Criminals using 3D printing technology “present growing threat” to global shipping sector

While 3D printing has existed since the 1980s, advances in technology mean that the process now costs just hundreds of pounds rather than hundreds of thousands of pounds. Unfortunately, this puts it within reach of cargo thieves. Indeed, over the past few years, law enforcement and industry professionals have reported the use of technology to steal shipments of everything from food and drink through to electronic products.

By using 3D printing – also known as Additive Manufacturing – criminals are able to create counterfeit security devices within as little as ten minutes, open cargo seals, reproduce and replace seals to hide any signs of tampering and make it difficult to pinpoint the exact time or location of the theft.

Counterfeit cargo seals, security locks and security keys have all been created and used by criminals taking advantage of 3D printing technology.

“Technology that once required an understanding of computer-aided design and expensive and large equipment to fabricate items now costs in the range of hundreds of dollars and doesn’t require the same knowledge levels as before,” said Robert Dodge, senior vice-president at G4S Corporate Risk Services.

“Indeed, for a few hundred dollars, an individual can purchase a 3D scanner to produce a near-perfect replica, but criminals don’t even need to purchase their own 3D printers. They can easily send the specifications or pictures to any number of 3D printing companies or individuals around the world without any questions being asked.”

To help combat the growing threat of criminals using this technology, G4S has been reaching out to its supply chain security clients and G4S employees who provide supply chain security-related services, including security officers at gates and loading docks.

“US Customs and Border Protection has commented favourably on the fact that we’re sharing details of this emerging threat with the business community,” added Dodge.

Steps towards mitigating the risks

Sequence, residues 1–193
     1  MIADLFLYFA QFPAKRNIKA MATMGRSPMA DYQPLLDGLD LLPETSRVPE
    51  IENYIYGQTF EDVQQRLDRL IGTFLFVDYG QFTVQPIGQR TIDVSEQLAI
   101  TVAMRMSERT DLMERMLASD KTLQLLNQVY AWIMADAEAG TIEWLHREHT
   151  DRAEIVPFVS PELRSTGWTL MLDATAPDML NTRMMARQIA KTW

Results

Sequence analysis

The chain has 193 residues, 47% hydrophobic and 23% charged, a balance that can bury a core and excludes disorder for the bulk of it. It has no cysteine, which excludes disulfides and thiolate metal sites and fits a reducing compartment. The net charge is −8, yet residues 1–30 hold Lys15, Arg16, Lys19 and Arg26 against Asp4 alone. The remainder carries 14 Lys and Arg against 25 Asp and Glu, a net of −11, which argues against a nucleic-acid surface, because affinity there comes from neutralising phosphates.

There are steps that clients can take to lessen the risk of being targeted. Simple things like changing the design, colour and markings on security seals make life difficult for criminals, but ultimately any measure can be replicated by a determined criminal. Even using metal is no guarantee that seals will be impossible to copy, as the more advanced 3D printers can employ metal alloys to fabricate products.

Ultimately, Dodge noted: “As almost all seals come from third parties, new seal designs would be available online within weeks, and could then be copied and distributed.”

Measures designed to keep cargo safe:

*Conduct a professional, third party security assessment of any company used for the shipment of goods

*Carry out thorough background checks on shipping company employees

*Analyse shipping methods to identify alternative routes and delivery times in order to avoid predictability

*Avoid placing company logos on company-owned cargo containers

*Place GPS devices in random shipments

*Install motion-activated, Internet-based surveillance cameras inside random containers in order to capture footage of doors being opened

*Alternate the colour of seals and periodically change seals to make it harder to produce replicas

About the Author
Brian Sims BA (Hons) Hon FSyI, Editor, Risk UK (Pro-Activ Publications) Beginning his career in professional journalism at The Builder Group in March 1992, Brian was appointed Editor of Security Management Today in November 2000 having spent eight years in engineering journalism across two titles: Building Services Journal and Light & Lighting. In 2005, Brian received the BSIA Chairman’s Award for Promoting The Security Industry and, a year later, the Skills for Security Special Award for an Outstanding Contribution to the Security Business Sector. In 2008, Brian was The Security Institute’s nomination for the Association of Security Consultants’ highly prestigious Imbert Prize and, in 2013, was a nominated finalist for the Institute's George van Schalkwyk Award. An Honorary Fellow of The Security Institute, Brian serves as a Judge for the BSIA’s Security Personnel of the Year Awards and the Securitas Good Customer Award. Between 2008 and 2014, Brian pioneered the use of digital media across the security sector, including webinars and Audio Shows. Brian’s actively involved in 50-plus security groups on LinkedIn and hosts the popular Risk UK Twitter site. Brian is a frequent speaker on the conference circuit. He has organised and chaired conference programmes for both IFSEC International and ASIS International and has been published in the national media. Brian was appointed Editor of Risk UK at Pro-Activ Publications in July 2014 and as Editor of The Paper (Pro-Activ Publications' dedicated business newspaper for security professionals) in September 2015. Brian was appointed Editor of Risk Xtra at Pro-Activ Publications in May 2018.

Related Posts